My wife told me recently about a Facebook post by an acquaintance that held Congress up to ridicule. Apparently, the sentiment was enthusiastically endorsed by people who spanned her entire network of friends—from the most liberal to the most conservative. My wife couldn’t recall anything else that had been so universally embraced by such a politically diverse group of people.

I’m sympathetic to the points made by Krauthammer and Carney that we are dealing with fundamental philosophical disagreements. “Acting like adults” is not going to erase these serious differences of opinion. However, fundamental political difference is not new. Reagan’s vision for America was quite radical in its day; we still got budgets passed.

No, this is political. Republicans don’t want to give Obama any kind of “victory”. And Democrats want to kneecap the only competent Speaker the GOP has had since Early Gingrich. Why else would they not give Boehner any votes on the current bill, even though it’s similar to the Reid bill that they will vote for? (As McArdle said on Twitter: If Harry Reid is the only thing standing between us and disaster, it’s time to break out the asbestos underwear.)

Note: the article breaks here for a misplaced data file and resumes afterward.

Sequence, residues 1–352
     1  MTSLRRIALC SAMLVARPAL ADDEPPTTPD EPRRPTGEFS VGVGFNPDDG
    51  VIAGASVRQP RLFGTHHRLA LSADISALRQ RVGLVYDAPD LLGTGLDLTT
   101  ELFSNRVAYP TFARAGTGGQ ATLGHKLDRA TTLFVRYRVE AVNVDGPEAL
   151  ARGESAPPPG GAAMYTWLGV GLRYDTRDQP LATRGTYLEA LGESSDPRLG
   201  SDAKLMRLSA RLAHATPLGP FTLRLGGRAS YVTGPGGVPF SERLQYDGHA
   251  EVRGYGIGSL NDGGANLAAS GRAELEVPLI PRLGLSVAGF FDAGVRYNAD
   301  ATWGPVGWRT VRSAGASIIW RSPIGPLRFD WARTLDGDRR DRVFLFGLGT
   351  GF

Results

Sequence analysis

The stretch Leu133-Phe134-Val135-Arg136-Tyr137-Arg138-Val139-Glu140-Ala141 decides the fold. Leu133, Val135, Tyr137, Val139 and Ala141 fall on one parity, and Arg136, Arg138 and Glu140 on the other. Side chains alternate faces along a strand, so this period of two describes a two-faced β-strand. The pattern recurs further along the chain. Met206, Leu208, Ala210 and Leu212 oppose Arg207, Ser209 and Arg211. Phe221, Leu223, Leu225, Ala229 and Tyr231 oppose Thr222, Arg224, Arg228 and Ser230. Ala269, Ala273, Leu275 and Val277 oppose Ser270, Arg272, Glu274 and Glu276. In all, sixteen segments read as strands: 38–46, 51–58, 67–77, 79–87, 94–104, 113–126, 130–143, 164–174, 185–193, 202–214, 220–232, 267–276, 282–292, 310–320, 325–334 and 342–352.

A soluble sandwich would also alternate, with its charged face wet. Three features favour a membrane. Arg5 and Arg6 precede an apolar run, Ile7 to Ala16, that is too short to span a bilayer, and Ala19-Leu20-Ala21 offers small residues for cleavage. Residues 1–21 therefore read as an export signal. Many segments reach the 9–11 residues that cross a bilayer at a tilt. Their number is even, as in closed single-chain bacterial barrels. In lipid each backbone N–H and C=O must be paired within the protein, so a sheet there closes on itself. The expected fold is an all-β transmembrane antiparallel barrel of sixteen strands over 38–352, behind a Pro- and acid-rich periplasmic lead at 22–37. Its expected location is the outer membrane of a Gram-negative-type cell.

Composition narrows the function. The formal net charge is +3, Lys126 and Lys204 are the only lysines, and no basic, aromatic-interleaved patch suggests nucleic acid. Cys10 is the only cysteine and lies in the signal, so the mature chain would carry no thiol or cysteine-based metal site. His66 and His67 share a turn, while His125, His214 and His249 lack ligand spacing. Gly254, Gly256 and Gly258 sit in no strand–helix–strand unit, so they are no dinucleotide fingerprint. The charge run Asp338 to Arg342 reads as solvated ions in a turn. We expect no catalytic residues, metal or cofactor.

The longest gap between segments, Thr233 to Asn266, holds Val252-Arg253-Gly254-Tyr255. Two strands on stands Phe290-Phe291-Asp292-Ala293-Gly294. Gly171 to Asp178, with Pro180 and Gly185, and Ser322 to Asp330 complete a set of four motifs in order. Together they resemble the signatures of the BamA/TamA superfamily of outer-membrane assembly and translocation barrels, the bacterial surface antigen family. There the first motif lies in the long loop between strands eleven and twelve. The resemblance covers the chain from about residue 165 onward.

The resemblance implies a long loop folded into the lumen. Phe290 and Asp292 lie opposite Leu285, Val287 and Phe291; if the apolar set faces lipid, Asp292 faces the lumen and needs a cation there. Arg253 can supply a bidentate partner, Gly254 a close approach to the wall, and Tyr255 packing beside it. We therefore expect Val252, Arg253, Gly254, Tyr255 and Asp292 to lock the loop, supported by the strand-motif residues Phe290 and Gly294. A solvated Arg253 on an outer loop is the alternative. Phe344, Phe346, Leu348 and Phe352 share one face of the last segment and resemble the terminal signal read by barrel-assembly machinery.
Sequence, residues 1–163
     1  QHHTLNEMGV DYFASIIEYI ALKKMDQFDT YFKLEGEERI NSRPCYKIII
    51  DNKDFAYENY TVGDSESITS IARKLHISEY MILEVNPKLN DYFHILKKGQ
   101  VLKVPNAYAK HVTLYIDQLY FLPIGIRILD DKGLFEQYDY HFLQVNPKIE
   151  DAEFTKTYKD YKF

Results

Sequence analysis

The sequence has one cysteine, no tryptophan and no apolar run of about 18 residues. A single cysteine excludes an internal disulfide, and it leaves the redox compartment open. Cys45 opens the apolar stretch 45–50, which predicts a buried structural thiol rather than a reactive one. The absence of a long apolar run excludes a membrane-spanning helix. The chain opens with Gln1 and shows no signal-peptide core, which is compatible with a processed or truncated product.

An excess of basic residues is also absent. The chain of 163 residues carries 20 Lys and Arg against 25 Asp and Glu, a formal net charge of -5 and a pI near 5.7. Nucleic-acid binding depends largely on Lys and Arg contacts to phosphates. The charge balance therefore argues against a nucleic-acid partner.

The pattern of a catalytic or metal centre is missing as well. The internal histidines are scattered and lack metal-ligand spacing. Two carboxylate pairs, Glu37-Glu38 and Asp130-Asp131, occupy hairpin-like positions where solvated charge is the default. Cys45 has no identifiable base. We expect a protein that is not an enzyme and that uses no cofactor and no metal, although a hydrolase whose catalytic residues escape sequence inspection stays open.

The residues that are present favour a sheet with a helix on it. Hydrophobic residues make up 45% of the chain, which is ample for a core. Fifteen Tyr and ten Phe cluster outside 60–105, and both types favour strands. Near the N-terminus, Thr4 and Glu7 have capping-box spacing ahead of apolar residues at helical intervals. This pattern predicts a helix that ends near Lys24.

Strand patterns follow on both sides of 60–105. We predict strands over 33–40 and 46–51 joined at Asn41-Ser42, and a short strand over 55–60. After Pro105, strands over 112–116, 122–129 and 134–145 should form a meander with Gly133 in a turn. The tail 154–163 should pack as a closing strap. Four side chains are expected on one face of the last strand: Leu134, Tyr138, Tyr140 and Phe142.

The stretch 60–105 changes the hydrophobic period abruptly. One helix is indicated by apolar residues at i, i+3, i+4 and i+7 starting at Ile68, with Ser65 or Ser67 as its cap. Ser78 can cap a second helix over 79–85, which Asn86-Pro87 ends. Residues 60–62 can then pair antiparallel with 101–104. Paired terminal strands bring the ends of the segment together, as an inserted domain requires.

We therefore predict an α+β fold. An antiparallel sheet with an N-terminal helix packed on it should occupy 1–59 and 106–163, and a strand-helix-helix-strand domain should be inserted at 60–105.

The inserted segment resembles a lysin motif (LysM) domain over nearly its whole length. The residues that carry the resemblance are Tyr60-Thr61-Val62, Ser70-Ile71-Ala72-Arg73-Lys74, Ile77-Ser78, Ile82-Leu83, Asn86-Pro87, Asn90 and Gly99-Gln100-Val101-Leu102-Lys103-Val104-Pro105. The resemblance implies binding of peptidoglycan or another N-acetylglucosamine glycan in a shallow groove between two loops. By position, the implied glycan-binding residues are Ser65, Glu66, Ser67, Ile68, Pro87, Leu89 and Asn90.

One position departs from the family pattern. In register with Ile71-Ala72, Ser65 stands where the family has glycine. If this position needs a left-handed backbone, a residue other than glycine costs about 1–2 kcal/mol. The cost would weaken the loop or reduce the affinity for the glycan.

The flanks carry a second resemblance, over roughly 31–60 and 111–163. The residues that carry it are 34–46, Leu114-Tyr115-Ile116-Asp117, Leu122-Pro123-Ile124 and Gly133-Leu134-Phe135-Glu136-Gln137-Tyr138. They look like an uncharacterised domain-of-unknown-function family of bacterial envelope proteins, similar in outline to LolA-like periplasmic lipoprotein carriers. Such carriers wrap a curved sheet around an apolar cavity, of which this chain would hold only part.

The problem is especially glaring when the long-term solution is obvious and has been for a long time. As this thing drags on, the wisdom of the Simpson-Bowles proposal — with tax reform, retirement age hikes and defense cuts — becomes clearer. It’s at least the basis of what a reasonable compromise between the competing political philosophies. But right now we have two parties who seem to be more interested in placating their own internal sects than working out a deal. Their big worry is being primaried by the Tea Party (if they’re Republicans) or everyone else (if they’re Democrats). But by trying not to piss off anyone, they’re only succeeding in pissing off everyone. If we have a financial crisis, they’re going to get primaried anyway. The choice is no longer between winning re-election and not winning. It’s between going down while accomplishing something or going down while accomplishing nothing. The Democrats got hammered in the last election; but that didn’t unpass Obamacare. Who cares if the GOP loses in 2012 if they’ve made huge inroads on our debt problem? I would gladly take four more years of Obama if it got us something like Simpson-Bowles.

The thing is that … hang on … I’m preaching to the choir. Let me address Congress directly for a moment. Later, I’ll put up a post on normal-people stuff.

Dear Gasbags: